- The very early steps leading to the initial damage of the myelin sheath around the nerves in MS are poorly understood.
- A new study of brain tissue has found that immune cells called macrophages, derived from blood immune cells, attack myelin in the very early stages of MS.
- Understanding these early events could bring us closer to uncovering the cause of MS and the development of new therapies.
In multiple sclerosis (MS), the protective myelin sheath around the nerves becomes the target of a misdirected attack by a person’s own immune system. What sets off this process is unknown, nor is the order of very early events that ultimately lead to the damage of the myelin sheath or an ‘MS lesion’. Understanding these early events could be key to uncovering the cause of MS.
A new study published in the Journal of Neuropathology and Experimental Neurology by MS Australia-funded researchers, Professor John Prineas and Dr John Parratt at the University of Sydney, examined brain tissue from people within days to weeks of a new MS lesion forming. Using microscopic examination, they looked at which immune cells were the initial players in the immune attack, where they were coming from, and how they interacted with the myelin sheath.
Which immune cells damage the myelin and where do they come from?
Myelin surrounds nerve cells to insulate the cells and help conduct messages in the central nervous system, consisting of lipid-rich or fatty substances. In studies as early as the 1800s, researchers studying MS brain tissue noticed that in areas of myelin damage in the brain, there were ‘fat granule cells’, later shown to contain the fatty breakdown products of myelin. Further work in laboratory models showed that these cells, called macrophages, were responsible for damaging the myelin sheath by engulfing or ingesting sections of myelin. Where these macrophages come from has still been in question: do they develop from brain immune cells (called microglia), or from blood immune cells (called monocytes) that infiltrate the brain in MS?
What triggers the damage to myelin?
The question of what initially triggers myelin damage in MS is also still unresolved. The myelin sheath is made from the fatty membrane of cells called oligodendrocytes, which wrap themselves around the nerve. Some scientists have seen a loss of oligodendrocytes in newly forming MS lesions. This has led to the idea that the initial event in the onset of MS may be the death of oligodendrocytes and that macrophages come in to simply ‘clean up’ myelin that is already degrading. In contrast, other scientists found that there was no oligodendrocyte loss in two-thirds of MS cases but that damaged myelin sheaths were coated in molecules that encourage an immune attack. These scientists concluded that a targeted immune attack by macrophages was the initial event driving myelin damage rather than oligodendrocyte death.
What did the researchers investigate?
The overall aim of this project was to understand the very early processes involved in myelin damage in MS. The researchers compared brain tissue from early MS cases with long-term MS cases and other neurological diseases. The first part of the study found that in newly forming MS lesions, oligodendrocytes, myelin, and another type of supporting cell called astrocytes, are destroyed by macrophages. This new study of the same group of participants focused specifically on the macrophages:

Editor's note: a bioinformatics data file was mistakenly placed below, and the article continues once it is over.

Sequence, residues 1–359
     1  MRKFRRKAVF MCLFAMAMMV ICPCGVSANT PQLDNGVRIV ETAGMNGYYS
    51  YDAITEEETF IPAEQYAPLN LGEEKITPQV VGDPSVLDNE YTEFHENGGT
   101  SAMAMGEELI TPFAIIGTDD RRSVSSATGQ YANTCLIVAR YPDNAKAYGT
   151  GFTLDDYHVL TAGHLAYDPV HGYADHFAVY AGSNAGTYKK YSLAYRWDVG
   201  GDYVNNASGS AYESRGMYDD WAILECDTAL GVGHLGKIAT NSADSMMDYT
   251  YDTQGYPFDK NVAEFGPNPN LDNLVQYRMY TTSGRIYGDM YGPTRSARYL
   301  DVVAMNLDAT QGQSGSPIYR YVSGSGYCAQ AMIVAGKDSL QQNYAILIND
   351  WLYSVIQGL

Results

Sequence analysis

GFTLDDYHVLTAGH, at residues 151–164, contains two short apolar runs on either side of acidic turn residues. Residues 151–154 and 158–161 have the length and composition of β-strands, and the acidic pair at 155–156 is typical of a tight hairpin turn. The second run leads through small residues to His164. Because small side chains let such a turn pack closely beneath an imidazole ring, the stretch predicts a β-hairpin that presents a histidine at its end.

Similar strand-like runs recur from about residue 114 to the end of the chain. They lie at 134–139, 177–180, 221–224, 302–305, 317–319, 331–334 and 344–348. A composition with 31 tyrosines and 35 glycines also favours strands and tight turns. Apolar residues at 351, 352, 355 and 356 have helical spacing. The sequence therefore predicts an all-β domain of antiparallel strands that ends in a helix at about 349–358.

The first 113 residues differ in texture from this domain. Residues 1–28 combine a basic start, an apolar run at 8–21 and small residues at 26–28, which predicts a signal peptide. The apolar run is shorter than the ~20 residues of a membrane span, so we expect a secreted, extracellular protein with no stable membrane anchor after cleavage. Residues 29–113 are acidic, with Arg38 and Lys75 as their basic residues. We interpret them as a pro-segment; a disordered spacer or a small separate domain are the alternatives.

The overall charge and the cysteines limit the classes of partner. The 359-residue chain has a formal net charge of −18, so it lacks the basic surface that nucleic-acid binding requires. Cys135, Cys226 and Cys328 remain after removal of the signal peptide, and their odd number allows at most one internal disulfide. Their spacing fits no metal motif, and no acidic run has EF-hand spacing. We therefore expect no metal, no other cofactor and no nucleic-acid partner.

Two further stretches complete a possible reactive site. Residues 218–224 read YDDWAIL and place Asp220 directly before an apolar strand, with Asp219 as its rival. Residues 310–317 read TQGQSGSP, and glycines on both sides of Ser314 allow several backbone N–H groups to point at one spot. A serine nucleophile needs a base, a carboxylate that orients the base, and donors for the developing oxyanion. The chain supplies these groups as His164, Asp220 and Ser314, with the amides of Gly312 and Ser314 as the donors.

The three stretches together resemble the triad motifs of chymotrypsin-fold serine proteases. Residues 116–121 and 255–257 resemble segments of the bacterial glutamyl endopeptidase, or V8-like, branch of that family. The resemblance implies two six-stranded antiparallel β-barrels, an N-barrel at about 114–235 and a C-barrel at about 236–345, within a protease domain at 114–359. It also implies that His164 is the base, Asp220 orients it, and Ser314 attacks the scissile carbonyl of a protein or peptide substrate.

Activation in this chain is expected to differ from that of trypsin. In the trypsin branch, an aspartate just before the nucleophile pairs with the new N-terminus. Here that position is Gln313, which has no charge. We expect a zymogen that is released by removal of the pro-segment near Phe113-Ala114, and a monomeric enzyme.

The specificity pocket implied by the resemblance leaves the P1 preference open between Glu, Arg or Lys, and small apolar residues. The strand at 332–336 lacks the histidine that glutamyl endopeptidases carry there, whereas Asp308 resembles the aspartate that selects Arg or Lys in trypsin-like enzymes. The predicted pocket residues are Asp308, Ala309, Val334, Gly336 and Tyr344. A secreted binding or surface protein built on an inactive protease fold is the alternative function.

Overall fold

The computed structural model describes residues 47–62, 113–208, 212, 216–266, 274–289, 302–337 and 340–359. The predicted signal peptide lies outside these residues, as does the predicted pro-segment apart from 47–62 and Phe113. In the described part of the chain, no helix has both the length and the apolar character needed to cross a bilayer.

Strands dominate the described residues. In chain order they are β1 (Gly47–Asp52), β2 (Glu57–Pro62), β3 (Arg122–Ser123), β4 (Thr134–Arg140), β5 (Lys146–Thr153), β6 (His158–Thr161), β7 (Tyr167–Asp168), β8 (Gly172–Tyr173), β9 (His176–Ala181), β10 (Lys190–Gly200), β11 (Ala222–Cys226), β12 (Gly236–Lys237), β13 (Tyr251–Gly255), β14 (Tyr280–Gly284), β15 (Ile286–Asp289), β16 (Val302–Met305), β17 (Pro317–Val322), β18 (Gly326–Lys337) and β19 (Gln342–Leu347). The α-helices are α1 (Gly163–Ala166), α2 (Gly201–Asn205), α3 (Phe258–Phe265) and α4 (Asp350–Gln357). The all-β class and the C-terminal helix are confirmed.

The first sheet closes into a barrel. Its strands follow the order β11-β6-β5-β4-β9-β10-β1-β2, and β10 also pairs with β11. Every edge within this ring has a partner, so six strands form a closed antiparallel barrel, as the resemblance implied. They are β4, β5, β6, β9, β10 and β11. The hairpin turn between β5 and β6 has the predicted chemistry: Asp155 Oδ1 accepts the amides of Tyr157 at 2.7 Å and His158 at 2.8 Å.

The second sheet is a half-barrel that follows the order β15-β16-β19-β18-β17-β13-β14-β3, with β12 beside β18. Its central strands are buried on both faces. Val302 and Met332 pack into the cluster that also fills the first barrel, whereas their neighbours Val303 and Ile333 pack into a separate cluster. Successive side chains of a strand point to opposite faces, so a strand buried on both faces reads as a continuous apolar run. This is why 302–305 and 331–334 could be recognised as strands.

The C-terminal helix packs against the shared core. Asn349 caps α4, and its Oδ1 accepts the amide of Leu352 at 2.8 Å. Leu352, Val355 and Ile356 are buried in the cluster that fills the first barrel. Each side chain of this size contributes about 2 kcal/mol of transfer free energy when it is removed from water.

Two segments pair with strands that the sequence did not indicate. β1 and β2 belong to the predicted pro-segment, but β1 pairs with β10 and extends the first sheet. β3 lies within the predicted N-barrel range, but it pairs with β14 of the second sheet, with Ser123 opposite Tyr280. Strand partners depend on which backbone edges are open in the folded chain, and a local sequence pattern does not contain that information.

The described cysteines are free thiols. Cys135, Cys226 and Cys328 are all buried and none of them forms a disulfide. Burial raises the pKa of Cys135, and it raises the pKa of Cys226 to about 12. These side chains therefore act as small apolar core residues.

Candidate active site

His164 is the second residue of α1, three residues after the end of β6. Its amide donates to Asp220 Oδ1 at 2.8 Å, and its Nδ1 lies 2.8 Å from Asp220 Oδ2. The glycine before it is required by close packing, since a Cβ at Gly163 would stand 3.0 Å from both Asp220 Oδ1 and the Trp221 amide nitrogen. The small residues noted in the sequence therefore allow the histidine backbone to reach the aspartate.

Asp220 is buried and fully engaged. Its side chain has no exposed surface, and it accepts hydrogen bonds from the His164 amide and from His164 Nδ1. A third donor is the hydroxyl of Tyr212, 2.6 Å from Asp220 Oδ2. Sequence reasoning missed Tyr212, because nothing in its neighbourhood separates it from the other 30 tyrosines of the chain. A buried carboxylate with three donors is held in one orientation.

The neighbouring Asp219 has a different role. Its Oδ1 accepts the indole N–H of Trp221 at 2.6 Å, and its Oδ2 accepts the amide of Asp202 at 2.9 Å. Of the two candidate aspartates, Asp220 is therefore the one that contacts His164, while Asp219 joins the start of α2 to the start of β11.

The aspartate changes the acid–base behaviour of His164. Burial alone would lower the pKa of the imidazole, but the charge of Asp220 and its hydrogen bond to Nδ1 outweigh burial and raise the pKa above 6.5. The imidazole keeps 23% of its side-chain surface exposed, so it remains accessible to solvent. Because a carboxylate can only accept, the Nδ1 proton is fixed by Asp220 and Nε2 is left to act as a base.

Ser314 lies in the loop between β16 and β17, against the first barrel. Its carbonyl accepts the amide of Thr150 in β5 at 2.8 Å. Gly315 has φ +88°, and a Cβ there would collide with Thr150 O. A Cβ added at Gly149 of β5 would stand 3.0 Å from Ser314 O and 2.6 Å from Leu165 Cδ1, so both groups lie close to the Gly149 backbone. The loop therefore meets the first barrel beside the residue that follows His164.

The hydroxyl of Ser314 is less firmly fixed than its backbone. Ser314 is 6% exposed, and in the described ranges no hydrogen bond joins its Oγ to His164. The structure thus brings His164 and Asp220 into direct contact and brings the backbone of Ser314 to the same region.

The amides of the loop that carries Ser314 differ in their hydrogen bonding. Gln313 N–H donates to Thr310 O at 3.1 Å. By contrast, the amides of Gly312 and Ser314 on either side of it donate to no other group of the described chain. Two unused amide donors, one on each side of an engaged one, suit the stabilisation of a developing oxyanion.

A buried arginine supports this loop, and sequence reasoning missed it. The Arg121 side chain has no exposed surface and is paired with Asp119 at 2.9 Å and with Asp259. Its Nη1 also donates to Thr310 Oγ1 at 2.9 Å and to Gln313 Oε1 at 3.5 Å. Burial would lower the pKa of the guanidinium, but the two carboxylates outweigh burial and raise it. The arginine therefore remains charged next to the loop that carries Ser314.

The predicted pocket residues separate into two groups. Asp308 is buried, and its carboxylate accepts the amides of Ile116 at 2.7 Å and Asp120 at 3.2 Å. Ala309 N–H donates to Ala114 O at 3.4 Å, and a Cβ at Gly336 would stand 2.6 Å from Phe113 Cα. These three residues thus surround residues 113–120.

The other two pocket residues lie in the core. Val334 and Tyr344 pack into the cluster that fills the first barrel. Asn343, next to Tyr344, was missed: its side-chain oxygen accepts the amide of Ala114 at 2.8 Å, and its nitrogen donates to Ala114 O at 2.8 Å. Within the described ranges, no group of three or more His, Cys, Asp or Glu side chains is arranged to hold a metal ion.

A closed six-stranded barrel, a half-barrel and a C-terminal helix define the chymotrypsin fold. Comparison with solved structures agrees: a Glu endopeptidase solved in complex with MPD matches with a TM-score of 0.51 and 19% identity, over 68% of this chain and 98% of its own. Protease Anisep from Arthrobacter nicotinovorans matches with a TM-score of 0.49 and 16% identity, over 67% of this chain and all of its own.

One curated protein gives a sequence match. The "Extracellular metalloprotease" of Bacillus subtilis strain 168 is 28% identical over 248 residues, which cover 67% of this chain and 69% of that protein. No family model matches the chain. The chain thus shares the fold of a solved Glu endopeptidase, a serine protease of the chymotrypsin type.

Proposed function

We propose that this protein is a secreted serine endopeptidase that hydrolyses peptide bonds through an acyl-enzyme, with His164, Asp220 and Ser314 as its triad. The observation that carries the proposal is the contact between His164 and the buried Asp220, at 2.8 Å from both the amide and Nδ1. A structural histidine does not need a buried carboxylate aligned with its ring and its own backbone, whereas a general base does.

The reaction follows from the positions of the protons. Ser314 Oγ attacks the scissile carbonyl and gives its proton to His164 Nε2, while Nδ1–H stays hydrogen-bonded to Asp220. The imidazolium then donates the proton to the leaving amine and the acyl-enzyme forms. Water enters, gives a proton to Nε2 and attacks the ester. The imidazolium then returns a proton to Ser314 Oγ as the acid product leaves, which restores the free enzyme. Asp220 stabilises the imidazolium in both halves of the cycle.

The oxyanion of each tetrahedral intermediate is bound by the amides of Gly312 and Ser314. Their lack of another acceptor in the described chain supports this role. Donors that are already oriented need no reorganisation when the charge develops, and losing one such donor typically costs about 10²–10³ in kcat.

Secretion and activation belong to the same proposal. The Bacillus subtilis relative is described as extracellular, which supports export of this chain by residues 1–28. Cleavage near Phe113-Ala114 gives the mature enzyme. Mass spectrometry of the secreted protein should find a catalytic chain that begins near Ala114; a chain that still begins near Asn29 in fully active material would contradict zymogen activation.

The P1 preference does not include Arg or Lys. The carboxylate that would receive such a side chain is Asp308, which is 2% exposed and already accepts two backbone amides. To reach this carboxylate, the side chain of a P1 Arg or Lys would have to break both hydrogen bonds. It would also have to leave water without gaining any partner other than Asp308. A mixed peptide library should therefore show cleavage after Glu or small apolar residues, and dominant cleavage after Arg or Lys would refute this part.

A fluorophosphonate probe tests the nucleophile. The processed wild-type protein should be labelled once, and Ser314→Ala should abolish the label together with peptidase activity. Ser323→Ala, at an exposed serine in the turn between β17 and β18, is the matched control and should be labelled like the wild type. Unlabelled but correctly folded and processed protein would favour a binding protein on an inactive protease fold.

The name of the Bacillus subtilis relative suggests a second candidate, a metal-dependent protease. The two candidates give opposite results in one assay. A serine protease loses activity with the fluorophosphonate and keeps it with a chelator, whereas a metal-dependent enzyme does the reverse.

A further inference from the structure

- Where they were coming from,
- How they developed, and
- How they were interacting with the myelin.
What did the researchers find?
The researchers found that a major source of macrophages in MS lesions came from monocytes in the blood. However, it seems that the brain immune cells, the microglia, are also involved in developing the myelin-destroying macrophages. Further work is needed to understand exactly how monocytes and microglia might work together to form this macrophage, unleashing so much damage to the myelin.
Looking at stages of development of the macrophage from other cells, the researchers found 20 different cell subtypes in and around the MS lesion (including two subtypes not previously seen in MS) that varied between early and older MS lesions. The markers used to identify these cell subtypes give clues as to their function in the MS lesion: whether they have ‘engulfing function’ to clean up at the site of damage, or have stopped engulfing, are full of digested myelin, and are ready to exit the lesion.
In most early MS cases, the researchers found monocytes ‘plugging’ or blocking the capillaries (smallest blood vessels) in the brain’s grey matter. In early MS, the monocyte plugs did not seem to be associated with any tissue damage. However, in more chronic disease cases, monocyte plugs were observed with abnormalities in the blood vessels (seen in one case of progressive MS) and a case with sudden cognitive problems (one case of neuromyelitis optica). Further work is needed to determine whether plugging of brain capillaries by monocytes can cause dysfunction in the brain’s grey matter in MS or other neurological diseases.
What did the researchers conclude?
In older MS lesions, researchers found antibody-producing cells that could potentially drive a specific immune attack on myelin, but in very early MS lesions they found none of these cells. In early MS lesions, they did find degenerating oligodendrocytes, astrocytes and myelin that could be stimulating a non-specific ‘clean-up’ of the lesion by macrophages. These findings fit with a proposed model where oligodendrocyte and astrocyte death, rather than a specific immune attack on myelin, is the earlier event driving the formation of the MS lesion. Further work is needed to fully understand the role of the specific and non-specific immune arms in triggering MS. This work gives a greater understanding of the earliest events in the lesion, hopefully bringing us a step closer to discovering the cause of MS and the development of new therapies.